The sign above made Park Pointers happy today; it is the beginning of the end of the Aerial Bridge north tower paint job. Still one lane though. It is possible the work may complete later today; the bridge may go up for the first time in 2 months and it is even possible that a boat, the James R. Barker, might come under later today. As a friend of mine used to say, “Watch but don’t bet on it.” DSN-TV (Duluth Shipping News TV has the web camera video on the bridge now and probably for the rest of the day. (2:50 pm: Note: the bridge went up around 2:30 this afternoon and the Barker came in via the Superior entry about the same time. Stop by and take a look)
Archives for March 2010
|… except perhaps for the J.A.W. Iglehart at the upper left. She has been there for two years now, and is probably retired for good from her career carrying cement on the Great Lakes. The Canadian Navigator came into port this morning and will follow the John D. Leitch (she came in Tuesday morning) loading iron ore pellets at the CN Dock in West Duluth. She is just moving into Murphy Fuel to take on fuel while she waits for the CN Dock. Behind her and to our right, the John G. Munson is also getting ready to load iron ore pellets at the CN. She will move there later today from her winter berth there at the Port Terminal. Probably sometime tomorrow, she will depart with her cargo for Gary. Further to the right, you see the American Century at her winter berth at the Port Terminal. And in the foreground, a train of empty cars is moving into position at White Box Duluth Storage (formerly Cargill) to load barley for Shakopee. Eventually, the barley will find its way into bottles of beer from Anheuser-Busch.|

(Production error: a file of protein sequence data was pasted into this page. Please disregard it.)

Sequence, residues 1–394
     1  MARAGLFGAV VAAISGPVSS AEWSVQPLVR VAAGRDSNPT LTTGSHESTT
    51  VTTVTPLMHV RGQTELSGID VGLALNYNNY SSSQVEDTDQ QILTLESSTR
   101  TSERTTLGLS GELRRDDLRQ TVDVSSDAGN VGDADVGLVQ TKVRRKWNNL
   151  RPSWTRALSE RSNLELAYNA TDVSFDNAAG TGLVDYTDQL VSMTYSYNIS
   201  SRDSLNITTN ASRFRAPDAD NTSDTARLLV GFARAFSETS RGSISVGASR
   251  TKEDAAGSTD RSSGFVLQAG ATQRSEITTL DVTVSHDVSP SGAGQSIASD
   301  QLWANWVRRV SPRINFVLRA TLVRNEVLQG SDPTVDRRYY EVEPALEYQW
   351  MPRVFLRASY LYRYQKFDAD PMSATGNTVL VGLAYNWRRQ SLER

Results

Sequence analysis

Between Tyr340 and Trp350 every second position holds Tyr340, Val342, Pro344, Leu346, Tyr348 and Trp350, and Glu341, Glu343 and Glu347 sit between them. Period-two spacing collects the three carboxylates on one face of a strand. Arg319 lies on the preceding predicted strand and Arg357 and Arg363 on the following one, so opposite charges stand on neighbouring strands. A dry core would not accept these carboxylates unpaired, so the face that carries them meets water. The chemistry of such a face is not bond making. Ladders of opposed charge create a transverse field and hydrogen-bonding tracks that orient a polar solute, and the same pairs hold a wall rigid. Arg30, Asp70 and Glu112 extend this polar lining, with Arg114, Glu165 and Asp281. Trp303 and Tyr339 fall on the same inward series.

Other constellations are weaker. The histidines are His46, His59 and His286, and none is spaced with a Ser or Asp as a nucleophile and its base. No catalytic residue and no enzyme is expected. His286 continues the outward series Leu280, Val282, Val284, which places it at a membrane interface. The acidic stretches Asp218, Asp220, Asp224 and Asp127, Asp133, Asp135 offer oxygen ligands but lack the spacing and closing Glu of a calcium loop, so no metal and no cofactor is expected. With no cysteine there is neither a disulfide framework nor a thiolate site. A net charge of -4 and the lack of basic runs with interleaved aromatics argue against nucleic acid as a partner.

The Coast Guard cutter Mobile Bay pulled up to the dock at the DECC early Sunday morning, March 21st. Earlier this season, they were part of a large effort to break up the ice in the St. Clair River, an operation that obviously succeeded in its task as commercial vessels are now moving easily. They were called to check out the ice conditions in the Keweenaw and the Apostle Islands but the ice was thick there and it was too early to send the ice fishermen back to shore. Those fishermen are lucky they don’t have to share their part of the lake with commercial traffic as much as Duluth Superior. The ice fishermen here were told to leave a week or more ago so the Alder could begin to clear the shipping channels for the approaching commercial traffic. So with too much ice at those destinations, the ice breaker Mobile Bay were sent to Duluth where they brought more ice in on their bow than they saw in the harbor. But Duluth is a good place to stop to take care of the necessities of life such as food, garbage and a little rest and relaxation. They will leave Tuesday morning for the Soo, although still ready for a change in plans as ice conditions change.
The Mobile Bay is 140 feet long and has a crew of 19 on board. When they aren’t breaking ice, they can usually be found pushing their 120 foot barge in front of them. The barge is back at their home port of Sturgeon Bay, Wisconsin. When the ice is gone, they switch over to their other personality, a buoy tender. Since they don’t have a deck large enough hold the buoys they pick up and drop off, they bring the barge along for that. The barge also has a crane on board, something the Mobile Bay lacks since she is primarily an ice breaking cutter.
The first ship, probably the James R. Barker, should depart here in 6 days. As you can see, the ice is breaking up in the harbor; most of Lake Superior is ice free. We just need to get the Aerial Lift Bridge painting job completed (note the north tower, still enveloped by scaffolding and tent that protect us from lead and other things that are being scraped off the bridge).